The Yes group is gaining ground in the Scottish independence referendum campaign. A survey by ICM Research reveals a decline in the No vote from 46% to 42% over the past month, says Tom Peterkin in The Scotsman.
Over the same period, the Yes vote has remained steady at 39%, with 19% undecided. When the latter group are excluded, the No vote stands at 52% with 48% in the Yes camp.
This is the highest level of Yes support yet recorded by an independently commissioned opinion poll.
The Better Together campaign this week made a “concerted” effort to revive its “faltering campaign”, say Laura Pitel and Hamish Macdonell in The Times.
Gordon Brown, the former prime minister, weighed in, warning that an independent Scotland faced a “pensions time bomb”, with an annual bill in the first year of separation estimated at three times the projected income from North Sea oil.
“The extreme negativity of the No campaign is proving a major turn-off for voters,” says Blair Jenkins, chief executive of Yes Scotland. Alex Salmond, Scotland’s First Minister, marked St George’s Day with a speech to an English audience promising that an independent Scotland would champion the north of England to balance the economic might of London, says Andrew Grice in The Independent.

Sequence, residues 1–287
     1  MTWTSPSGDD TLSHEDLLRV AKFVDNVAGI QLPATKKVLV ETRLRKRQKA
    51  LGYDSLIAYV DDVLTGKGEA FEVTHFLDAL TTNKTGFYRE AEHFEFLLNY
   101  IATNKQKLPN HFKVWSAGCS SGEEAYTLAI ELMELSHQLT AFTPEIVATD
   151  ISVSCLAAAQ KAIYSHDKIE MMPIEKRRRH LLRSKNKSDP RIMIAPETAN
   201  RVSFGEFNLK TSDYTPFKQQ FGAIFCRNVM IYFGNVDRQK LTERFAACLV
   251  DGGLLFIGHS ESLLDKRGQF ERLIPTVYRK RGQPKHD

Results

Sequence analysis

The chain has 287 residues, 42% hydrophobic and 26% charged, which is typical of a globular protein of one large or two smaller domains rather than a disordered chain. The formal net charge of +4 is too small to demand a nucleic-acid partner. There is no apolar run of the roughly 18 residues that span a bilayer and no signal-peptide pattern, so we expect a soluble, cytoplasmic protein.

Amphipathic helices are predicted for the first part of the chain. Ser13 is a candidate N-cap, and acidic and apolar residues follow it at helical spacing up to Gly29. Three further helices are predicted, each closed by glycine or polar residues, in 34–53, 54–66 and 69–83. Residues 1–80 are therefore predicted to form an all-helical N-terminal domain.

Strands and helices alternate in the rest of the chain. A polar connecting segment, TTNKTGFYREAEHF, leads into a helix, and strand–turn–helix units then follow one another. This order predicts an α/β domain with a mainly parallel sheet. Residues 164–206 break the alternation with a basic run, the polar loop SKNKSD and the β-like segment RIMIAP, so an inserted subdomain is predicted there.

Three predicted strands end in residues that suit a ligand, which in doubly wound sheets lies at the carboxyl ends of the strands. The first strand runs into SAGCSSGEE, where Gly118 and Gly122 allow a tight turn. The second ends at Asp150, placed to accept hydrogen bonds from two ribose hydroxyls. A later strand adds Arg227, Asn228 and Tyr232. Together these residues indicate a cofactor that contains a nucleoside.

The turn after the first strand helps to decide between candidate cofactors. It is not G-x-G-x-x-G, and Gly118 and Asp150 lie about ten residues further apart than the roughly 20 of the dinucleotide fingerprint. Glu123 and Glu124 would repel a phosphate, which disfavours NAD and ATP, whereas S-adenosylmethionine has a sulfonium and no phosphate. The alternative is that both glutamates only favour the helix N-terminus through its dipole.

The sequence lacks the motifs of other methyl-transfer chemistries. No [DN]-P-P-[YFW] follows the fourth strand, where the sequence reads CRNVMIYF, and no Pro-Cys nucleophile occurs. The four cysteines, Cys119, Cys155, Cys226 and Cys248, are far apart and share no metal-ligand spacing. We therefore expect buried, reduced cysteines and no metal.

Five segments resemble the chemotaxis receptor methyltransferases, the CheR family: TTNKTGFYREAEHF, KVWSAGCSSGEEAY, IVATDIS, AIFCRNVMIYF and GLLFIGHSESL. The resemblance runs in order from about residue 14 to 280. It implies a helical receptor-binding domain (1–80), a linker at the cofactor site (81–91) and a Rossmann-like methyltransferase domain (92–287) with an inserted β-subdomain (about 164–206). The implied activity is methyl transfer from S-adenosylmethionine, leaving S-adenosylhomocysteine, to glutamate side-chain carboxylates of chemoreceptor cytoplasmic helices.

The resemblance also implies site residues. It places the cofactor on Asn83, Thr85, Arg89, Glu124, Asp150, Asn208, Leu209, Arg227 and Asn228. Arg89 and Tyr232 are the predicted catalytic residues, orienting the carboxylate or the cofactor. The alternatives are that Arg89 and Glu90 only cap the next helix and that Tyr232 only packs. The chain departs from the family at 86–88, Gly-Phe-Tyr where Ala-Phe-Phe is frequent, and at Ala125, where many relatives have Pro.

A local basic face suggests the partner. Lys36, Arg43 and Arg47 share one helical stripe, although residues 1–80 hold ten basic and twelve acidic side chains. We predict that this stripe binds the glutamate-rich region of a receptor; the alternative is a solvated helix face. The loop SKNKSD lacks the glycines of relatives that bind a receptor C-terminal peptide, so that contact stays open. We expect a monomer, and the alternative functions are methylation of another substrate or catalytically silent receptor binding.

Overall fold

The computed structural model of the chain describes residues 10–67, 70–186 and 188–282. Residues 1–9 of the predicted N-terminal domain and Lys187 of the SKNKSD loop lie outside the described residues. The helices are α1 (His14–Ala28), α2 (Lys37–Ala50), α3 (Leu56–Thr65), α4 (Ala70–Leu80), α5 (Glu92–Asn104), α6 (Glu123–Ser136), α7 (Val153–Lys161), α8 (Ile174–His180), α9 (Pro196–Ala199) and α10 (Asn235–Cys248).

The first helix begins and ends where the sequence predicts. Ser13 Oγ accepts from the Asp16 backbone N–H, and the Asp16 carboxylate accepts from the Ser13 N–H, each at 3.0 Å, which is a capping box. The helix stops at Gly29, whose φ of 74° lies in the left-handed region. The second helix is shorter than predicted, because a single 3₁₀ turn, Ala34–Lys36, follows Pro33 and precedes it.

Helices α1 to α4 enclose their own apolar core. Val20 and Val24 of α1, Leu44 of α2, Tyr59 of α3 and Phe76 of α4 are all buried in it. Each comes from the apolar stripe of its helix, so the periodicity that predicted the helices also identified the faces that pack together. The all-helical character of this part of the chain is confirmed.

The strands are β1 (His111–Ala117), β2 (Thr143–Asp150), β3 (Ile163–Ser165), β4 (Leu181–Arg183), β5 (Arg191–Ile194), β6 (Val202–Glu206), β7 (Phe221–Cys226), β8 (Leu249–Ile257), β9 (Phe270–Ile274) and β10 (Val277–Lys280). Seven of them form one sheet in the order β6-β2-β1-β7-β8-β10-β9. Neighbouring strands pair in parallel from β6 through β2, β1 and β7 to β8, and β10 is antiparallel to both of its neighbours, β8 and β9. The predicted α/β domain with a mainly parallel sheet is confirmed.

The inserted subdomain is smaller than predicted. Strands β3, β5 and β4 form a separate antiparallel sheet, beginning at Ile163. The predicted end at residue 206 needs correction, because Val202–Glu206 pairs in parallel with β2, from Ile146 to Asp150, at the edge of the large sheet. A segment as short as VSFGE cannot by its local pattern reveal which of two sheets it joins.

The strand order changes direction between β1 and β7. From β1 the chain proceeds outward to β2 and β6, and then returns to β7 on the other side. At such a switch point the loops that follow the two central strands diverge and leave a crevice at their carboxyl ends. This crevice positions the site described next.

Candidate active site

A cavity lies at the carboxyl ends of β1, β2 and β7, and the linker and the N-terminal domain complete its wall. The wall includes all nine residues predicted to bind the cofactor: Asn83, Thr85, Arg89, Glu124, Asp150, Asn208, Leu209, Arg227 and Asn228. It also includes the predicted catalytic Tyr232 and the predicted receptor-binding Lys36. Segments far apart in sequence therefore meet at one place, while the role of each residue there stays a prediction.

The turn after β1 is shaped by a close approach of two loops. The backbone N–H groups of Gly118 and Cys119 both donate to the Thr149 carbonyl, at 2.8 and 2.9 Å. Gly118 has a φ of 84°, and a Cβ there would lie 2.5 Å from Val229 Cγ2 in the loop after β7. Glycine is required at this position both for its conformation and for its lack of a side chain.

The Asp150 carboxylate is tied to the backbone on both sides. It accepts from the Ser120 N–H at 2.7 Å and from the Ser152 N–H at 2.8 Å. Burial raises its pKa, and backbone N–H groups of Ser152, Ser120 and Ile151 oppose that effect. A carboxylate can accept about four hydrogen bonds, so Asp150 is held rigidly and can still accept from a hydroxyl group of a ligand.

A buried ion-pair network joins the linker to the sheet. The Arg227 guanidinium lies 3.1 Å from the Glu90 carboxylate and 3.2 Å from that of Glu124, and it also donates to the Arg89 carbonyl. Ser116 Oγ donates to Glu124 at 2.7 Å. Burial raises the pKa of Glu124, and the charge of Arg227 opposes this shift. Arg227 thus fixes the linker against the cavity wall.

He insists that an independent Scotland will still be the “closest” of friends with England, maintaining strong trade and transport links and sharing the same currency (even though all three main parties at Westminster have ruled this out).
The Scottish campaign has been rightly derided for its negativity, says Hugo Rifkind in The Times. Ultimately though, “Scottish nationalism is the far more negative creed”.
Scots are not oppressed. “Post-devolution, they are not even overlooked.” This is not a campaign to put right any great wrong, it is a campaign to stop talking, to “pull away”.
The sad thing is, regardless of who wins, the referendum has already “broken a consensus that was utterly and vitally British”. The centuries-old union gave us the multiculturalism that has forged our post-Empire identity. I hope the Yes campaign fails, but “from a British perspective, it’s a terrible failure that it ever began”.